In essence, a job is collection of tasks assigned to one person. A job analysis is the process used to gather information about jobs to identify the ability requirements necessary to perform the job. A job analysis can be “task-oriented,” meaning it focuses on the tasks needed to produce an output, or it can be “person-oriented,” focusing on the knowledge necessary to complete tasks.
Human Resource Planning facilitates an organization’s selection decisions by estimating when and how many hiring decisions will occur. Combing human resource planning with job analyses helps organization identify the qualifications necessary for these upcoming jobs. A job analysis allows organizations to develop accurate job descriptions and job specifications. After they know what the essential qualifications are, organization can develop selection procedures that are valid predictors of job performance.
Organizations can conduct a job analysis several ways. In an observationally based analysis, trained specialists study employees performing a job and collect information on the behaviors that they observe. This technique is most appropriate for production jobs. In other cases, specialists interview the several people who hold similar jobs and ask questions about their jobs. Similarly, questionnaires and checklists can be used to gather information. Through work samples, specialists record the job activities of several jobholders. Finally, management-position description questionnaires contain task-oriented items that elicit different responses from different functions, elicit different responses from different management levels, and are relevant for more than one function. The responses of a specific manager can be aggregated into a job description.
Applications and Resumes
Most organizations use application forms as screening devices to determine whether someone meets the minimum requirements. In general, application blanks seek information about an applicant’s background and present employment status. However – and this will vary from country to country – some questions are considered to be “red flags” of possible discrimination and should be avoided. The following are examples from the United States that need to be kept in mind.
A more recent addition is the biodata form, which asks questions about an applicant’s background, experience and preferences. For example, candidates might be asked whether they are willing to travel often, if they prefer to work alone or in teams. They appear to be good predictors of success and have a less adverse effect on minorities than many standard tests.
On applications and résumés, potential exists for job seekers to provide inaccurate information. Research indicates that distortions occur frequently, especially on information that is difficult to con organization. By all means, avoid doing this. When employers discover distortions, they often refuse to hire the applicant or fire already-hired employees.
The employment interview is the most common selection tool, but research shows it suffers from significant reliability and validity problems. In this context, reliability refers to consistency of measurement across judges. Numerous studies have found that interviewers do not agree with one another on the assessment of candidates. Interviewers also may be biased or make snap judgements based on the first few minutes of an interview. Interviewers also may not use the same questions from one interview to another or may not ask the questions in the same order, causing reliability problems.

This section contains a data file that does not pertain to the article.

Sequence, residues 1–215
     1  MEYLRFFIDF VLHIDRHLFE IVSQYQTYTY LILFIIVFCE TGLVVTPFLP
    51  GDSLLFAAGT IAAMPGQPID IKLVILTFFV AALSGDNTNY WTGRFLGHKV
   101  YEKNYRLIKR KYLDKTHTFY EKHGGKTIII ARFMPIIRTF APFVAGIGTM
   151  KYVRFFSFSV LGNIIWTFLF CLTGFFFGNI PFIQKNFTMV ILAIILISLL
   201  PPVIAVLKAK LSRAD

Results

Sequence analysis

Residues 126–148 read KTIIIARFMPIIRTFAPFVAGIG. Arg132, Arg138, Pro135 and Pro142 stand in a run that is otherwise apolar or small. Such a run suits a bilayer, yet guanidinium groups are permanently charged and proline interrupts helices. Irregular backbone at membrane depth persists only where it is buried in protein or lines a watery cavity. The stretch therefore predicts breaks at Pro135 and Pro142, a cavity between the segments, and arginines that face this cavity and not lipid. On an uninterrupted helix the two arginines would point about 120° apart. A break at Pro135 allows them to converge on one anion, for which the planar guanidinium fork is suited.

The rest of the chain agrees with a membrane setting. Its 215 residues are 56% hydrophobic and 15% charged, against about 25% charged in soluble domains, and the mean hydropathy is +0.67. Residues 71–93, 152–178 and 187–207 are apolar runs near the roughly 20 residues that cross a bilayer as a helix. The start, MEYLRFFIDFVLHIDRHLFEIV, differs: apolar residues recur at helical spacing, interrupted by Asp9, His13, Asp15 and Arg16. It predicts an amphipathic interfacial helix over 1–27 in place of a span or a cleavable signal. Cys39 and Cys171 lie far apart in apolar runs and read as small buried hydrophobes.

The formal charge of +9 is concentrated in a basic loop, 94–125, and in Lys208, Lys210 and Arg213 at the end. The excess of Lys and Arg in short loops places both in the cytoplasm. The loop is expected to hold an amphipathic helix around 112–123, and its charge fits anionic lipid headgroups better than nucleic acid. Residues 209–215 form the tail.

To avoid problems caused by the traditional job interview, an increasing number of organizations have adopted an approach called the structured interview. As its name suggests, the structured interview is based on a thorough job analysis, applying job-related questions with predetermined answers consistent across all interviews for a particular job. In general, employers interview all candidates within two days.
Structured interviews have been proven to be quite valid predictors of job performance, and organizations should use three types of questions. Situational questions ask job candidates to describe how they would handle particular work situations. Job-knowledge questions determine whether candidates have the basic knowledge needed for the job. Worker-requirement questions assess the willingness of the applicant to perform under the current work conditions. Structured interviews also help identify the “fit” between applicants and the organization. Structured interviews conducted by multiple independent interviewers, including future co-workers, generally yield good results.
Applicant employee evaluation form
Staff Activity Forecast and Report
Interpersonal skill assessment
Employee Performance Review – Peer Review
Performance appraisal forms
Interview Questions for NGO Programme Job Positions
Key Questions for Establishing the Team Organization
How to reach an agreement on the Employee Performance Objectives
How to manage motivated and effective teams
How to recognize if Team Building is successful
How to check the level of togetherness in a team
Measures to make teams more performing
The 5 steps of team creation
Checklist for Identifying Performance Problems
Why do organisations need to plan and manage their communication?
How team members can improve overall project communication
Measures to make teams more performing
Required characteristics of the project manager
The 10 Project Management Guiding Principles
In other sections of this handbook
Managing the Human Resources of a project team
- Manage the Team performance
- Review employee performance
- Improve employee performance
- Recognize and Success and Reward Superior Performance
- Discipline Minimal Performers